Knitting Bummer: Joining New Yarn
|Here's one of my overlapping joins. You really can't see it at all! Note that this is pre-blocked, so when it's blocked it'll be impossible to find. Now, the puppy hair that's knit into the sweater? I think that'll be visible forever!|
There's no getting around it: there are some knitting bummers that we just can't avoid. Joining a new ball of yarn is one of them, but I think I've finally figured it out.
I always try to join a new yarn at the edge of my piece of knitting, but there are some instances where that's not possible, such as when knitting in the round.
I'm currently working on the Lapis Yoke Pullover knit-along, which is knit in the round. On the body section, which is basically a tube, all of the yarn joins happen at about the same place—or within an inch or two of each other because of the waist shaping—so it's really important for yarn joins to look nice (or be invisible if possible!).
Throughout my knitting career I've been joining new balls by knitting a stitch with both the new and old yarns and then dropping the old yarn, just like all of the knitting instructions say. But I always got what looked like a twisted stitch! So frustrating.
So I switched to a method of simply starting the new ball on a new stitch without knitting the two yarns together. Technically it works, but it's not elegant. There's a hole that needs to be fixed when weaving in ends and the tension is so loose that I have to tie the end of the old ball and the tail of the new ball in a bow to secure them until I weave them in.
I was getting fed up with this technique so I decided to check my knitting Bible, Vicki Square's Knitter's Companion, to see what it recommended.
There are a lot of ideas for joining yarn in the Knitter's Companion, but I wanted to perfect the knitting with old and new yarns method.
I studied the entry and I realized that my mistake was that I was wrapping the yarn the wrong way and therefore making a twisted stitch. Here's the correct way to execute this join and avoid the bummer in the process!
Overlapping the Old and New Yarn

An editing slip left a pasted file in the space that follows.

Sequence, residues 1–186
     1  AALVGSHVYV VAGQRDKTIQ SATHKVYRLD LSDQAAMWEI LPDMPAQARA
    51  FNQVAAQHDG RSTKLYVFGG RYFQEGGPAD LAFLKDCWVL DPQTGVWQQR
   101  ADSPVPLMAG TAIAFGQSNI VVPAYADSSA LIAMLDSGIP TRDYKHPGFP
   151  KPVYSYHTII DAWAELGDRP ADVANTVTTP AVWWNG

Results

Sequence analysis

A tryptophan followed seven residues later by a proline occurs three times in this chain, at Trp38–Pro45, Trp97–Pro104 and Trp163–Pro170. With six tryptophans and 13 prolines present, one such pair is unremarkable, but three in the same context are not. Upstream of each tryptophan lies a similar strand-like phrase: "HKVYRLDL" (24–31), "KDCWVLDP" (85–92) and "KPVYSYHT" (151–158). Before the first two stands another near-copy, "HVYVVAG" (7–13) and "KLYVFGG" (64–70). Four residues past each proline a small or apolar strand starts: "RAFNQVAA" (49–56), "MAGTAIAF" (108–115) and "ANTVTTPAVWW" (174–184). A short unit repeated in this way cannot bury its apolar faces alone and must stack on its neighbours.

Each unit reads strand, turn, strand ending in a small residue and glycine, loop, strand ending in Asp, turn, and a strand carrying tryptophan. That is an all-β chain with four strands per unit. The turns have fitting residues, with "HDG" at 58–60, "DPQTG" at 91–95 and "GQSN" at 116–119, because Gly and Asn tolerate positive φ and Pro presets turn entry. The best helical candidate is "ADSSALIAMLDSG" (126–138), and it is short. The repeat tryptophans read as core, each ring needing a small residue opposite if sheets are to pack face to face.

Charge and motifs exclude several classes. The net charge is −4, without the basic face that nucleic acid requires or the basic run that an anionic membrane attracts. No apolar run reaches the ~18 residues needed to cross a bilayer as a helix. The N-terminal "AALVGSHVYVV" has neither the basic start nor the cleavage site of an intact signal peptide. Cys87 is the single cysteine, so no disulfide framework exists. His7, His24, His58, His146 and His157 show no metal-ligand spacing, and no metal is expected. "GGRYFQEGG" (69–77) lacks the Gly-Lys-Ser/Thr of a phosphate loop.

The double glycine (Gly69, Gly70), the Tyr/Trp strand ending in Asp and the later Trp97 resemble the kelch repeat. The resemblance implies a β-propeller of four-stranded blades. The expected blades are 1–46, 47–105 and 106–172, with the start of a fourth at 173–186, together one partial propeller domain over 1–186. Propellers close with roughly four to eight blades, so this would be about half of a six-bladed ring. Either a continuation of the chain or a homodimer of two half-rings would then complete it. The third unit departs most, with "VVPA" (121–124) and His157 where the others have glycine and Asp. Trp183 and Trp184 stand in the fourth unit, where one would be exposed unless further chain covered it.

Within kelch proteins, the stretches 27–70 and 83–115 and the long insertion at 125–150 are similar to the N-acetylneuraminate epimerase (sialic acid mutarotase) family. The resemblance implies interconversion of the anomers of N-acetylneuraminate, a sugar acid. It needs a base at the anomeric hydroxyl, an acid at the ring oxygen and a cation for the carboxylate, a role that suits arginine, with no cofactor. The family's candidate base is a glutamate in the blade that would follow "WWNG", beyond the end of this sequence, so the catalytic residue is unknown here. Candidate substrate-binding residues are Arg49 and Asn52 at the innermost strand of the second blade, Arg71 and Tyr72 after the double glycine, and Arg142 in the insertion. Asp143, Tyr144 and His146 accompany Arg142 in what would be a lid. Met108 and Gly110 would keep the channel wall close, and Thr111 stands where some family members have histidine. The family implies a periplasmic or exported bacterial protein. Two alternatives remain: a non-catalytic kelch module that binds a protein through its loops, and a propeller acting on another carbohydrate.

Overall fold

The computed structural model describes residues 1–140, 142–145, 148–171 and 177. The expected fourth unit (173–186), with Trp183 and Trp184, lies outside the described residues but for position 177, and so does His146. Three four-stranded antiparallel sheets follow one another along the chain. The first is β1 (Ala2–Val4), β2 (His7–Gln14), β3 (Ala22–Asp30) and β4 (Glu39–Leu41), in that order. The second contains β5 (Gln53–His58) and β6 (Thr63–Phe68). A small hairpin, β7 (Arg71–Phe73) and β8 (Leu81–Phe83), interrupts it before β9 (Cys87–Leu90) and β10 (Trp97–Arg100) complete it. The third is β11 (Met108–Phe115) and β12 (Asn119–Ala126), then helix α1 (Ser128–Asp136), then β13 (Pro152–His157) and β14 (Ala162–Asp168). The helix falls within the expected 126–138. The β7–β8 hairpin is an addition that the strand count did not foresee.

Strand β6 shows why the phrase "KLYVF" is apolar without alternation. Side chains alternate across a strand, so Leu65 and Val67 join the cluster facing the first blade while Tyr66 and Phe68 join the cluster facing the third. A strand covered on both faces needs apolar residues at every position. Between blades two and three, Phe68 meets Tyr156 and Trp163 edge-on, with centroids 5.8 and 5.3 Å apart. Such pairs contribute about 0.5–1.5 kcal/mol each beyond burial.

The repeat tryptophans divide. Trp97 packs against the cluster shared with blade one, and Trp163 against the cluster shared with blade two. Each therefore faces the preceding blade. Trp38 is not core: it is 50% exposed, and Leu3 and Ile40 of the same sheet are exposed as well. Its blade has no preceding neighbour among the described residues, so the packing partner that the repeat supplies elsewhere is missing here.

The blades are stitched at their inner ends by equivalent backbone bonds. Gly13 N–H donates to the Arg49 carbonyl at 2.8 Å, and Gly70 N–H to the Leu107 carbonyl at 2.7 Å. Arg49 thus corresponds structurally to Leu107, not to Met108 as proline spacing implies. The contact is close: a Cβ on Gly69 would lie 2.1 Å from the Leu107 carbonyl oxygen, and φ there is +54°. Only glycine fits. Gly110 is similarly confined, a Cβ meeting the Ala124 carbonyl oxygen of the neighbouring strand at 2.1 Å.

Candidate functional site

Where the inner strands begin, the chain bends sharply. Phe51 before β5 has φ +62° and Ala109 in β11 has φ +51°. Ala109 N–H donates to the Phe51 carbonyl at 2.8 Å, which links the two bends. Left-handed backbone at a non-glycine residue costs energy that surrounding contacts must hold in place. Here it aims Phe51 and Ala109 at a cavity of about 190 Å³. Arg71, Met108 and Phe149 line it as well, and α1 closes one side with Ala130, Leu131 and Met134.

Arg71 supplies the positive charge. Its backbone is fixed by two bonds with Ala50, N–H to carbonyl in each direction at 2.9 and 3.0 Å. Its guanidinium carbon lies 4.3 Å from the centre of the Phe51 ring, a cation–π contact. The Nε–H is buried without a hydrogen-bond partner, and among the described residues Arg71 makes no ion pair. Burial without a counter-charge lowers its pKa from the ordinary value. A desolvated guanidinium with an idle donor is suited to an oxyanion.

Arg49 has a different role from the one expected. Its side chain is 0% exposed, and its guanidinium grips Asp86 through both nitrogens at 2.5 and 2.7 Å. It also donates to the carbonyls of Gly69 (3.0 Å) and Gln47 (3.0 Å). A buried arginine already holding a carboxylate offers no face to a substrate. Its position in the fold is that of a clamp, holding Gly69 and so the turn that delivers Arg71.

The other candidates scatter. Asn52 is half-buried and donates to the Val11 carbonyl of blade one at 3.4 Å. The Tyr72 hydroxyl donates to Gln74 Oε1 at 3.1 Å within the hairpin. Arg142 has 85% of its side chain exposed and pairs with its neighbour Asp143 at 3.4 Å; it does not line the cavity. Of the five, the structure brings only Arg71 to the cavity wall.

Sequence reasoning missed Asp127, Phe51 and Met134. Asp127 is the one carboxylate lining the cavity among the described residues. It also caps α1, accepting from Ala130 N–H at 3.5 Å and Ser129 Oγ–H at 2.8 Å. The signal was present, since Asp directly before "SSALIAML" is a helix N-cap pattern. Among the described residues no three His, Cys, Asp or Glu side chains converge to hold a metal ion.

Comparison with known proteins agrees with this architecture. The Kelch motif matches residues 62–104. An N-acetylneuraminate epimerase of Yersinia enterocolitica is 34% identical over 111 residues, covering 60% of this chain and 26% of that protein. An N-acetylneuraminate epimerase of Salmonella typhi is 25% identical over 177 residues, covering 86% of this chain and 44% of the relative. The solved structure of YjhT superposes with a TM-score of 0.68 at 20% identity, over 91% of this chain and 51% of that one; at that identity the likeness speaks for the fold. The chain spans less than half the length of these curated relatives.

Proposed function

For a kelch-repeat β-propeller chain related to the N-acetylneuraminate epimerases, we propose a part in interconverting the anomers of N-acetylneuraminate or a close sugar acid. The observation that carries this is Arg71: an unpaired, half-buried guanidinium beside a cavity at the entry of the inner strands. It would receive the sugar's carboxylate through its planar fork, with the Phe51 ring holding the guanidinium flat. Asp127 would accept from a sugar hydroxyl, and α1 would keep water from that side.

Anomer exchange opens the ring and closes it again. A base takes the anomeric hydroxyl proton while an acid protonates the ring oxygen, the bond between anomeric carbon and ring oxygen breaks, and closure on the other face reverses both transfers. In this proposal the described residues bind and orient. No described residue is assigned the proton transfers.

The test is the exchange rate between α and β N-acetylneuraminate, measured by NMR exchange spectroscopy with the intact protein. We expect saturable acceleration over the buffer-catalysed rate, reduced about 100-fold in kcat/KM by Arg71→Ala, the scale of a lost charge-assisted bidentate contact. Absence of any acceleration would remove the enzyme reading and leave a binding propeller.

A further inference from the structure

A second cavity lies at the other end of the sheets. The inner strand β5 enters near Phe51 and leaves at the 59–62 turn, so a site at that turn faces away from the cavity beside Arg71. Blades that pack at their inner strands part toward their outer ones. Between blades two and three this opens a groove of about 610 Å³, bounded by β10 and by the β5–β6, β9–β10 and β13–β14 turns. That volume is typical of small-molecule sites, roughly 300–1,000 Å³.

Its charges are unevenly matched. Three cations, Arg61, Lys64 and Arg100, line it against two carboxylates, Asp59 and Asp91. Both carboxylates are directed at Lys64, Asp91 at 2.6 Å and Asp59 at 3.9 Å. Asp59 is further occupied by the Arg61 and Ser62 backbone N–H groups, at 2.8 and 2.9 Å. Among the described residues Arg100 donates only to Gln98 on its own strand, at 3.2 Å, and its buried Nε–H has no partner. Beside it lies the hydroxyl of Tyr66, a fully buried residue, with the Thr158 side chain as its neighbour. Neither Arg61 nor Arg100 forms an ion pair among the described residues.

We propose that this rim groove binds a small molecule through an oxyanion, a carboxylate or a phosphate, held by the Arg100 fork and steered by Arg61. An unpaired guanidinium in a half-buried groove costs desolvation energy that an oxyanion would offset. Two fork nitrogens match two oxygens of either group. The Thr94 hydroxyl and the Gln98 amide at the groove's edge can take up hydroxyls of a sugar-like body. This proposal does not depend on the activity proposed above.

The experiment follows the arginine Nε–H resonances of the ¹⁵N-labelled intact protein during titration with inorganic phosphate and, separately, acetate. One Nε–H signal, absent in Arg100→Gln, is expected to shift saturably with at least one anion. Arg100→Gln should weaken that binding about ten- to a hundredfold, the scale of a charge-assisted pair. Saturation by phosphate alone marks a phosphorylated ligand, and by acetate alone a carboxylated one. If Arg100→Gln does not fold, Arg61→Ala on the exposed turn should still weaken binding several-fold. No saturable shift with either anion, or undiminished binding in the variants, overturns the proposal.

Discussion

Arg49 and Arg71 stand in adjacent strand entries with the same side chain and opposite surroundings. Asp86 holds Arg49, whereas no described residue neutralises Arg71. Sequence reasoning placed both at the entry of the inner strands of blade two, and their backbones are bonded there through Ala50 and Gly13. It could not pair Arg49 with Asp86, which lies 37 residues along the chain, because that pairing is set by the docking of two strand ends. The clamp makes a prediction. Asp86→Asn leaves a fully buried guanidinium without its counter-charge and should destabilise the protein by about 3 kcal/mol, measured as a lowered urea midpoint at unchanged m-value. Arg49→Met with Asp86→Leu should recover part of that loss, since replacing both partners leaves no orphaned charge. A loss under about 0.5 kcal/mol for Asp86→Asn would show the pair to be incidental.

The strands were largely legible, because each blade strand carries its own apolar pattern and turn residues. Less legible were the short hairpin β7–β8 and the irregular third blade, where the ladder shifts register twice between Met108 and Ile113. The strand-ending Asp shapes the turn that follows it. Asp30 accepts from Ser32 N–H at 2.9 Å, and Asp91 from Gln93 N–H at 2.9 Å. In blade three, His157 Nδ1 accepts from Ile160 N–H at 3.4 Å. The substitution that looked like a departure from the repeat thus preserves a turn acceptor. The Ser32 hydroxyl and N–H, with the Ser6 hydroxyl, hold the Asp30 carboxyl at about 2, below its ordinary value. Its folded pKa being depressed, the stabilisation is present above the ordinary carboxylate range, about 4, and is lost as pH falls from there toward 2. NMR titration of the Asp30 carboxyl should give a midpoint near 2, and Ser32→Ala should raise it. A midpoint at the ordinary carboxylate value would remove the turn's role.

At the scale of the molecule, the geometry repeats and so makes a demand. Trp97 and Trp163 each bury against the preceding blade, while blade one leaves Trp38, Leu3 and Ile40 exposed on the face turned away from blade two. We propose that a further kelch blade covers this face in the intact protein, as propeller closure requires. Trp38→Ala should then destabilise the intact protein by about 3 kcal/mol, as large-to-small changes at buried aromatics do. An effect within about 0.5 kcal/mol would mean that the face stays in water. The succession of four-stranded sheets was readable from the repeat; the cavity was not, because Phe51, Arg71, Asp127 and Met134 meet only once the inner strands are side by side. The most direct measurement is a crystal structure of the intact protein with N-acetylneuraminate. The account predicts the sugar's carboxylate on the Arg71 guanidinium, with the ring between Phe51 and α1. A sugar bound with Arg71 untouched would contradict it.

Use this joining method in an inconspicuous place, such as 1-2 inches from the side edge or in a textured area. This method is well suited for wools, synthetics, blends of any kind, and novelty yarns that are worsted-weight or finer. When worked with nonelastic yarns such as cotton and ribbon yarn, this join may be visible from the right side.
Step 1. Overlap the end of the old ball and the beginning of the new ball for about 6 inches.
Step 2. Work two stitches with the two strands held together as if there were a single strand.
Step 3. Drop the strand from the old ball and continue working with the new.
Step 4. On the next row, work the double-stranded stitches as if they were single-strand stitches. During finishing, secure the two loose ends by weaving them diagonally into the wrong side of the knitted fabric (weaving them horizontally or vertically may create a visible ridge on the right side).
—From The Knitter's Companion by Vicki Square
Now the trick here is how you position the new yarn with the old yarn. Take a look at the "Step 1" illustration above. See how the tail of the new yarn (shown in blue) points to the right and the end of the old yarn points to the left? that's the key. I was holding the tail and end of the old and new yarn together and not overlapping them correctly, creating a twisted stitch with the new yarn.
No more bummer!!
You can turn your bummers around, too, with The Knitter's Companion, now available in iPod app! It's the perfect companion when you want to know how to work a certain technique or when you just want to know how to knit something better.